Does the Violence in Ukraine Signal the End of the Color Revolutions?

Opinions about events beyond our borders.
Jan. 24 2014 8:01 PM

The End of the Color Revolutions

The events in Ukraine destroy several myths about how democracy will advance.

Ukraine
A pro-European protester wears a gas mask during street violence in Kiev on Jan. 23, 2014.

Photo by David Mdzinarishvili/Reuters

WARSAW—The Ukrainian parliament recently passed legislation directly modeled on Russian precedents. The laws curb demonstrations, using language broad enough to apply to almost any gathering. They criminalize "slander," which might mean any criticism of the government. They require the members of any organization with any foreign funding, including the Greek Catholic Church, to register as "foreign agents," which is to say spies. These laws were passed at night, with a show of hands. Deputies did not discuss them, or in some cases even read them.

Within days, central Kiev became a war zone. Men with truncheons used clouds of tear gas to break up protesters who have been demonstrating against corruption and Russian influence since November. Priests said Mass before the barricades; buses burned in the snow. Riot police shot people with rubber bullets. Then they shot them with real bullets. Others were hauled away and beaten. Anyone standing near the scene last Tuesday received a text message from the phone company: "Dear subscriber, you are registered as a participant in a mass disturbance." So far, five people are dead.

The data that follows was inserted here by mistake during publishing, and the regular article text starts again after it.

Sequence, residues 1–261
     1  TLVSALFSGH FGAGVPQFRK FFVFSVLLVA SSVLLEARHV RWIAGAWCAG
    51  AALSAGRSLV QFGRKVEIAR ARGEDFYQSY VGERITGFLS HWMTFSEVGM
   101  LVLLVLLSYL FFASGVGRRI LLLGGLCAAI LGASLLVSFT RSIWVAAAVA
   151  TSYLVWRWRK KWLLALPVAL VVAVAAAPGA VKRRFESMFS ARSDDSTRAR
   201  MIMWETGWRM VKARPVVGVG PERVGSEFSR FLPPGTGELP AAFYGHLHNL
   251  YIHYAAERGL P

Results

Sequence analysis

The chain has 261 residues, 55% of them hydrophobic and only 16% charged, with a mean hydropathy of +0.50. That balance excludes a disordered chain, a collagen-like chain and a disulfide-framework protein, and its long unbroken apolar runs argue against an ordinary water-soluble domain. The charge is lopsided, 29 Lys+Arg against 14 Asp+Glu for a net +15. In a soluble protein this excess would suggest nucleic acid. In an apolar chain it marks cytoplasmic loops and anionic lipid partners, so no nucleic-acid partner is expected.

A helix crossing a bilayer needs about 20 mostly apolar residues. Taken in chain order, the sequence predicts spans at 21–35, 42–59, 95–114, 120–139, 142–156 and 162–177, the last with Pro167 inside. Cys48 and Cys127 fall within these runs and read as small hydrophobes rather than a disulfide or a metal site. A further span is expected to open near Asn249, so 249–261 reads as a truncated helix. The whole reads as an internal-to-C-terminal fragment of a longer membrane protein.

These events are so harsh, and so contrary to what anyone expected, that they should lead us to abandon immediately some of the illusions we have long held about this part of the world. First and foremost, it's time to abandon the myth of the "color revolutions": the belief that peaceful, nonviolent demonstrators, aided by a bit of Western media training, will eventually rise up and overthrow the corrupt oligarchies that have run most of the post-Soviet orbit since 1991. The history of Ukraine, from the 2004 Orange Revolution until now, has proved this belief to be false.

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In fact, corrupt oligarchs, backed by Russian money and Russian political technology, are a lot stronger than anyone ever expected them to be. They have the cash to bribe an entire parliament's worth of elected officials. They have the cynicism to revive the old Soviet technique of selective violence: One or two murders is enough to scare off many thousands of peaceful demonstrators, one or two arrests will suffice to remind businessmen who is boss. They have also learned to manipulate media (as the Russians do), to multiply their money in Western financial institutions (as the Russians do), even to send threatening text messages. They have crafted a well-argued, well-funded alternate narrative about Western economic decline and cultural decadence. A friend jokingly calls this the "all your daughters will become lesbians" line of argument, but it is surprisingly powerful.